Many, many hands are wrung all the time about the dearth of original ideas in the world, and how to create something new. Sometimes the answer lies in simply combining elements from existing genres – supernatural detectives, alien spies, pop witches. And while the results of these mashups can be a lot of fun and, yes, original, sometimes a better route is to take an existing genre and subtract things from it.
Travelogue is an epic fantasy adventure, minus the epic, minus the adventure. The result is something soft, thoughtful, and completely new: a fantasy diary comic. It follows the tiny wizard Nana’s travels with their companions Adi and Emerene, doing odd jobs here and there, making brief connections with those they meet and deep connections with each other.
The typical trappings of a fantasy setting are present, but relaxed. The atmosphere Pandya creates is contemplative and a bit cute; while it lacks tension or struggle, it also lacks a plot that would require such things – it’s just not that kind of story. Where habitual readers of fantasy might expect to see magic users compare their powers in fireball-filled combat, Travelogue gives us a quiet campsite conversation between Nana and Emerene about their differing methods of lighting a campfire. Instead of fighting the wolves who accost them at night, nature-attuned Nana befriends them. The most violence is when the three travellers spar with each other to stay fit, and the most conflict is when Nana tries to make Emerene wake up early to watch the sunrise with them.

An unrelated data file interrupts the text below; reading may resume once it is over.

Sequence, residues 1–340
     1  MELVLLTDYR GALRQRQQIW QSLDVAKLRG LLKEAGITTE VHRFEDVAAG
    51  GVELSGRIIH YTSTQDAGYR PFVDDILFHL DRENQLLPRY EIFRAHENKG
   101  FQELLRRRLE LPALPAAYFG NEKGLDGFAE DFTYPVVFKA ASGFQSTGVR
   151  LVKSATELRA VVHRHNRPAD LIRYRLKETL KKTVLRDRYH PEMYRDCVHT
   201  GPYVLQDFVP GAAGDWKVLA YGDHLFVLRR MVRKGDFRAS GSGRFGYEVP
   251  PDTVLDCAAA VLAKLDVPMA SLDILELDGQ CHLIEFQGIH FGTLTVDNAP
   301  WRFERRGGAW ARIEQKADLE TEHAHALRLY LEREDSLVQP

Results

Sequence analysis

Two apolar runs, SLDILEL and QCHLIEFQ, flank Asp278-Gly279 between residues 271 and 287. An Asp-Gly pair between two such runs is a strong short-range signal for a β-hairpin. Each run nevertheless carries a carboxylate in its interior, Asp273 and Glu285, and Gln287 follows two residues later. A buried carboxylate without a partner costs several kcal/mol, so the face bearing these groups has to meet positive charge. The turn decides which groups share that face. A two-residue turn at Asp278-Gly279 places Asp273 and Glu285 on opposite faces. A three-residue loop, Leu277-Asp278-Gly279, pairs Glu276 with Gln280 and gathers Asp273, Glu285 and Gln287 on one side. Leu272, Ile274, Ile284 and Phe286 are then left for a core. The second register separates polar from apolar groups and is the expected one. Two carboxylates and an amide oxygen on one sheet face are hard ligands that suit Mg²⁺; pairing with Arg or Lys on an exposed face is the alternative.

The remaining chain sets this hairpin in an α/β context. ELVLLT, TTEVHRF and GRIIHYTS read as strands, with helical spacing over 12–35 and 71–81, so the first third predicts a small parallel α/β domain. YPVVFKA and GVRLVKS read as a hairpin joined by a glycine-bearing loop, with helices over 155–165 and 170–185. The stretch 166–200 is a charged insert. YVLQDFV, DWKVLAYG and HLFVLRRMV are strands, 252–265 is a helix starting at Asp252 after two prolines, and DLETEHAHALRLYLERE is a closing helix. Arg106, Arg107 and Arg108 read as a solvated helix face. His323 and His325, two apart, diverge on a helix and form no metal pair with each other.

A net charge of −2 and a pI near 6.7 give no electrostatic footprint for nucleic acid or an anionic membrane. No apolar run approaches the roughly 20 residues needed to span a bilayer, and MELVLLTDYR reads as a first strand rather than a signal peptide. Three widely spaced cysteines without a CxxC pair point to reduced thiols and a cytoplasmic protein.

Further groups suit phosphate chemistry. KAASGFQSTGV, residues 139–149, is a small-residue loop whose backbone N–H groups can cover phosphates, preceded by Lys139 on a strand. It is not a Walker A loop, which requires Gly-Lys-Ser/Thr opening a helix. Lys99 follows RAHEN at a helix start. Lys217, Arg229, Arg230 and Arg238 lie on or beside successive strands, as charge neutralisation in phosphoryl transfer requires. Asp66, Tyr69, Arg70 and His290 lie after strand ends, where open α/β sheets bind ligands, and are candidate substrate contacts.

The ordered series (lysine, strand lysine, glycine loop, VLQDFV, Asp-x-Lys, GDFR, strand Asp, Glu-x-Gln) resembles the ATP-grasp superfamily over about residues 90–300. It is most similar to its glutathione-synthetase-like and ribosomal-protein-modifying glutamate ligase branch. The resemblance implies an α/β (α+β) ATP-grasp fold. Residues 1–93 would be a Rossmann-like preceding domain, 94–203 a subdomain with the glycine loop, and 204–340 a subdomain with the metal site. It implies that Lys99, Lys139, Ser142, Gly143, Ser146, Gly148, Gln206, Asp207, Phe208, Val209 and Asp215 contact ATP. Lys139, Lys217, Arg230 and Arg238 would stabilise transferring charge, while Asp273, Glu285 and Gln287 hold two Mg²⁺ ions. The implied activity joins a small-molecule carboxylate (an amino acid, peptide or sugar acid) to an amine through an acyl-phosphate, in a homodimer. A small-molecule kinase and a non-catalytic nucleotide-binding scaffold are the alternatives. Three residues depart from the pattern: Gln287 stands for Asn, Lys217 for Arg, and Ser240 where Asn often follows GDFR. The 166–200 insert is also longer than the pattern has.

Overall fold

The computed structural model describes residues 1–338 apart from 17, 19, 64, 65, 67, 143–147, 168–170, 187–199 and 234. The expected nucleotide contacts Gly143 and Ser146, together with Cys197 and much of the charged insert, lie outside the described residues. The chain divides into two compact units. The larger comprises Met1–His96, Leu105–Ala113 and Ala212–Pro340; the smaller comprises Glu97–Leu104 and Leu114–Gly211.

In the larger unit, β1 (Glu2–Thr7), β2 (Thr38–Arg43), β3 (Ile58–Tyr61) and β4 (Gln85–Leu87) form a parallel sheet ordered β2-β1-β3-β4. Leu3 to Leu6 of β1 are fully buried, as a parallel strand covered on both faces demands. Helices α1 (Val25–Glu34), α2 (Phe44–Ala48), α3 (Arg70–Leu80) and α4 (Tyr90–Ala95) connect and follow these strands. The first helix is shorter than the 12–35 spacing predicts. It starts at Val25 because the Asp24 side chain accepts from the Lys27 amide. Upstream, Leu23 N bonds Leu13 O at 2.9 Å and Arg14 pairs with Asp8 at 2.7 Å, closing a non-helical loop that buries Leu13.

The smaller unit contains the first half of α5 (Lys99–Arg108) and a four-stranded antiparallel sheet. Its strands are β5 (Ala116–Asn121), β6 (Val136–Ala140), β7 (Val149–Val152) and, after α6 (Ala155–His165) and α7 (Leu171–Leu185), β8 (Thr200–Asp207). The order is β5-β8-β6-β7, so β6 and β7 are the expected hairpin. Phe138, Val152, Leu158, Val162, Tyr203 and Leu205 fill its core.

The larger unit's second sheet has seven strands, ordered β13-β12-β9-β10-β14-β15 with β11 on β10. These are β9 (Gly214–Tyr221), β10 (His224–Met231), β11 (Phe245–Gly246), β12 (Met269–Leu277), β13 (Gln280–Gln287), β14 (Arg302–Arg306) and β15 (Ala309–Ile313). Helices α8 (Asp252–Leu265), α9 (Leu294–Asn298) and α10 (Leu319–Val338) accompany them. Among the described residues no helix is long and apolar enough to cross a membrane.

Nana is cute, there’s no point beating around that bush. They’re tiny and snuggly, talk to animals, get excited about things, and generally get mistaken for a child. But through their journal, we meet an introspective and wise person, motivated less by wanderlust than by the joy of learning and helping people. It’s not clear how Nana met Adi and Emerene, or why they do the work they do, or even what, exactly, Nana is, but that’s fine; it’s refreshing to read a fantasy story that isn’t completely up its own ass with worldbuilding and dramatic backstory revelations. Like our travelling heroes, Travelogue doesn’t have a specific destination, nor any hurry to get there. Whenever we get around to learning these things, it will surely be the right time.
Travelogue is a story about love. Nana’s love for the animals they meet, the places they pass through, and the land they walk on are the subject of many of their travelogue entries. But of equal importance is the love that Nana develops for their companions through their journeys. While it seems that Nana prefers the company of creatures and plants to the tangled and unfamiliar expectations of other people – a feeling I can identify with – they obviously care deeply for their tall friends, comforting Emerene in a moment of tortured remembrance and cuddling Adi when they wake to find her crying one night. It’s also obvious that they return Nana’s love, caring for their small friend and conspiring to buy them presents. There’s no romance, nor any need for it – the strength of the bond their trek has forged is touching enough to have made me tear up more than once.
Like Computer Love and Star Trip, Travelogue is emblematic of the kinds of stories that mainstream comics and genre fiction discourage but webcomics enable, taking a familiar nerd genre and de-bro-ifying it. My hope is that as more and more stories like these are created that center the voices of non-dude, non-white, and non-cishet people, comics like Travelogue will come to define the genre, rather than being discussed in comparison to it.
Final verdict: This comic is peaceful and soothing, and it’s the perfect thing to read (and reread) whenever you need to chill and think about nice things for a while.